This time, it's Dorchester 2, where voters in November may be asked to decide between raising additional revenue for necessary repairs and renovations, and new construction, or leaving their schools behind a few more years.
The Dorchester District 2 board did not vote to hold a referendum during its workshop to discuss the issue Thursday, but it did move a step toward that goal.
"We have to vote for (a referendum), but I would certainly put my money on it at this point," said board Chairwoman Frances Townsend. "Our needs have become so great that I don't see how we can avoid it."
The board was preparing to ask voters to pass a $165 million bond referendum in March 2009 when it decided to shelve the idea, fearing that voters would not support it.
"The economy was so wretched that it was a foregone conclusion that it would lose, so why would we want to burn all of our bridges on a bad deal?" Townsend said.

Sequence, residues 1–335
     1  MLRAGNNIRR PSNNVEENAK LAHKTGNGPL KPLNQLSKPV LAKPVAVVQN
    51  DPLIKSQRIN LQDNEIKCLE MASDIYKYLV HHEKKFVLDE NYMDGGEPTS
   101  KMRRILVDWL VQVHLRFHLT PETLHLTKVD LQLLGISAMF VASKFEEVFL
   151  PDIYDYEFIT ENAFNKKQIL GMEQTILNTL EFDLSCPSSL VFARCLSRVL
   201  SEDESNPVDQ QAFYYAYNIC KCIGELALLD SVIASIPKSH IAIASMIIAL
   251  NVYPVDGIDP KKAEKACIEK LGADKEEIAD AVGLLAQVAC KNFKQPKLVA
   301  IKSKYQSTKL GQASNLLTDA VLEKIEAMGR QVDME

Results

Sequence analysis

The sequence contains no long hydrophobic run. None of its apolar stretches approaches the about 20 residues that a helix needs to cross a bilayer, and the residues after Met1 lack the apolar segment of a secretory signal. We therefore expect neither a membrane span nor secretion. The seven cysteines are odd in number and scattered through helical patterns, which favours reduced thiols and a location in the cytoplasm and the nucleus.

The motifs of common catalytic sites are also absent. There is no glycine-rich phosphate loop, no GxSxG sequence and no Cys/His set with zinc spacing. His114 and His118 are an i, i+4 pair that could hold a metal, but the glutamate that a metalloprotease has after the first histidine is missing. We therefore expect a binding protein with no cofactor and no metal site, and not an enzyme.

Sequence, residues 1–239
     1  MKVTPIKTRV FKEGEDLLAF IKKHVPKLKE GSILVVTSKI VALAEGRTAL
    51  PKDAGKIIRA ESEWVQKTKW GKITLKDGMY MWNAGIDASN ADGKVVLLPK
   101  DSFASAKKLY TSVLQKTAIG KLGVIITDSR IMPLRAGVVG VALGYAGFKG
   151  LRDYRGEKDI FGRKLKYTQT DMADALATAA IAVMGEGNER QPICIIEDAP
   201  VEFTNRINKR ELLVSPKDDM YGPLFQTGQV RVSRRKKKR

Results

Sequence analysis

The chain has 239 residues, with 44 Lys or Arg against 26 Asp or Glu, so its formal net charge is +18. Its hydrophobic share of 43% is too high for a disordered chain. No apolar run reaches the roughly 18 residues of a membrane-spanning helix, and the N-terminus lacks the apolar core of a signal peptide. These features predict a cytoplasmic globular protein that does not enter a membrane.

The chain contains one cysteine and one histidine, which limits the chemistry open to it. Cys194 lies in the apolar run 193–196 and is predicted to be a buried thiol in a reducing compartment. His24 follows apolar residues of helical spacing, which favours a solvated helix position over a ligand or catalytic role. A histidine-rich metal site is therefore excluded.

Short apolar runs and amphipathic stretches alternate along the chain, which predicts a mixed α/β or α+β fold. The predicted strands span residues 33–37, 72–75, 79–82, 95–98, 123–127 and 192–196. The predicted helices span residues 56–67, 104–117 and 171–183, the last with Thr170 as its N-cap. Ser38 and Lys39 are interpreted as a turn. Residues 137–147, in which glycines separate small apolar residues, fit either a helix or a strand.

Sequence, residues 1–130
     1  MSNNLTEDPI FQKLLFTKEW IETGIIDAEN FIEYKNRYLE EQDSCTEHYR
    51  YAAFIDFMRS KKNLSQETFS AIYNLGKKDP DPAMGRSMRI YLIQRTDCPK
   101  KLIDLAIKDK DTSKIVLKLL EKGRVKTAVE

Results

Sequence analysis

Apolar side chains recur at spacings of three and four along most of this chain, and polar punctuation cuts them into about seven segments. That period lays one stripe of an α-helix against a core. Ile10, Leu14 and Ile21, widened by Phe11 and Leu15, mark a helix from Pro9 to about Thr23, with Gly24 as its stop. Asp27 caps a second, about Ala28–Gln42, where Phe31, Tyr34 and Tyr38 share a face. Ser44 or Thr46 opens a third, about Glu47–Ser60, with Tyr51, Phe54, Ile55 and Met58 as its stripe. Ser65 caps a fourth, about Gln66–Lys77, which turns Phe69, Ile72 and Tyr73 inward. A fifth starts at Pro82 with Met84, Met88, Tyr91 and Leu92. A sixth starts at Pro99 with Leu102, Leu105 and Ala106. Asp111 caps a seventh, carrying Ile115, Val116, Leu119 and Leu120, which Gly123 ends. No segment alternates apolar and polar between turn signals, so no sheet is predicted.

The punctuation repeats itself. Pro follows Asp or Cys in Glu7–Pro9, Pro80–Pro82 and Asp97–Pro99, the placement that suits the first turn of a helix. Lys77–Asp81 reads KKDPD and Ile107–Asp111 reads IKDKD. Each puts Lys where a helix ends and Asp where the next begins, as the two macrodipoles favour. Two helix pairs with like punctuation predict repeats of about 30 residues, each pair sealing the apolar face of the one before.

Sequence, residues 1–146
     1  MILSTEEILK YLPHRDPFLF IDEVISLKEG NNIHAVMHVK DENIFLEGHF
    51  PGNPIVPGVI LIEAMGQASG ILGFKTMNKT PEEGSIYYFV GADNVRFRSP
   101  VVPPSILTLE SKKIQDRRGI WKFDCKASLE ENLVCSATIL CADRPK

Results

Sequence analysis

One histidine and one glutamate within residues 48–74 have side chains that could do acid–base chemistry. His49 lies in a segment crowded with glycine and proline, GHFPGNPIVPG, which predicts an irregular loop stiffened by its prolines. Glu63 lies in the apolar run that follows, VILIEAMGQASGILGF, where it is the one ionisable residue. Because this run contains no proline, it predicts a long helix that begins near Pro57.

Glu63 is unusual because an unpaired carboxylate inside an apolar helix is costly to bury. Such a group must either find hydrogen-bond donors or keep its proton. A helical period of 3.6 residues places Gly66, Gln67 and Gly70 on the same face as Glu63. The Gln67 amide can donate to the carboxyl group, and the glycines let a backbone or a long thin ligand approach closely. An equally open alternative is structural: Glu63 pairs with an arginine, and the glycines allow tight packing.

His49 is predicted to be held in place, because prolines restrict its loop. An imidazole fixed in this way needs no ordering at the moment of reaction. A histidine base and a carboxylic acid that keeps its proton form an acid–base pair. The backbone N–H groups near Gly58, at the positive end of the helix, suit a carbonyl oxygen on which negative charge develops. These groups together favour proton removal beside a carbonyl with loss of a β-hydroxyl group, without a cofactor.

A referendum in March 2003 that asked for $98 million for schools also failed.
"We didn't tell people (then) that we were hanging on by a thread and we were 20 years behind," said Superintendent Joe Pye. "Now the story's got to change. We've got to tell it like it is. We made it sound like if we don't get this, we'll be OK and that's not the case."
A facilities study should be finished in February or March, then the board can start prioritizing the projects, Townsend said.
Possibilities for projects include new elementary, middle and high schools and facility improvements or repairs, such as new roofs, wireless technology and bathroom renovations.
"When we get the facilities report, that's when we have to make a priority list," Townsend said. "It will have a dollar figure on it."
There's an old adage: Pay now or pay later.
And another, not-so-old adage: Build schools or build prisons.
Seems to make sense, doesn't it?